Seven Ways to Improve Clean-in-Place-Systems

Feb. 10, 2014
There are many ways to increase the efficiency and reduce cost and waste in clean-in-place systems.

There are many ways to increase the efficiency and reduce cost and waste in clean-in-place systems. The following suggestions can help you build better CIP systems:

1. Establish parameters. Make use of certain parameter thresholds to optimize cleaning and rinsing cycles. Parameters like conductivity and total organic compounds can determine when rinsing is adequate instead of rinsing for a defined period in time (which typically is based on worst-case scenarios). Another tip is to optimize production campaigns based on a CIP matrix that is populated with criteria to determine whether cleaning is even required when changing over to another batch or product.

2. Use micro-polished stainless steel. Affordable yet accurate liquid level measurement can be a challenge for CIP applications. Look for level control products that are made from micro-polished stainless steel, that can withstand temperatures up to 266° F (130° C) for proper SIP (sterilization in place) without failure. These devices eliminate crevices where bacteria can collect and ideally carry FDA/3A sanitary certification. Specialized float level probes employing magnetostrictive technology are available that can meet these important but hard-to-find criteria.

3. Control through batch manager. Clean-in-place should be done with recipes in the batch manager, just as for production. The BMS enforces that cleaning is performed consistently. Compliance data is collected as the batch record. End users can optimize cleaning via the easier-to-understand recipe interface.

4. Use the pros. Invest in custom fabricators when preparing a new process for a CIP install. The right professionals may cost a little more up front, but the ROI is realized significantly sooner, with reduced rework and fixture ease of use and cleaning.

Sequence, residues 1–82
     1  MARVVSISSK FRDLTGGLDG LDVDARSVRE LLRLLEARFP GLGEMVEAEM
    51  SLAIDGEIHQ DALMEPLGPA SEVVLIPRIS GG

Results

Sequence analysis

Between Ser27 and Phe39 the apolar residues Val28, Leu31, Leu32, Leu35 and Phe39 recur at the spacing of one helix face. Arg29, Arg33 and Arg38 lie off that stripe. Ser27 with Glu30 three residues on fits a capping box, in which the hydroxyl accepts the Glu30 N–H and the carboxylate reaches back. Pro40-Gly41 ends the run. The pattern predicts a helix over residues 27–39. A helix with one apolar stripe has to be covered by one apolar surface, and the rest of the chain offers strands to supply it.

5. Focus testing on first batch. It makes sense to implement a testing regimen that runs a complete battery of microbiological tests on the first units produced from the first batch that runs on the machine/line after running CIP systems. The results are then tracked in a database and used as immediate feedback to the efficiency and efficacy of the cleaning process. By finding cleaning problems sooner rather than later, it minimizes the amount of product subject to contamination and takes advantage of the tighter feedback loop. This approach is superior to doing a statistical sampling of each batch.

6. Size to capacity. Clean-in-place systems require sizing according to the minimum requirements, plus an extra percentage. The standard capacity is a function of the number of modules. The best practice is to have a convenient and independent CIP system, based on the number of modules to be serviced.The CIP system should be automated to clean itself and test final effluent quality. When preparing liquid solutions, the systems should be interconnected to the reactives automatically. If preparing solids, avoid handling of packages. In its place use some type of transport for solid raw materials. Once prepared, the CIP system should be circulated in the best order possible to exhaust the solution, by organizing for the number of cycles and how many modules are going to be cleaned.

7. Use bolted connections. Using bolted connections makes it easier to do fitting changes. Make sure your stainless steel piping and fittings are of a grade that prevents corrosion.

Liked this article? Download the entire playbook here.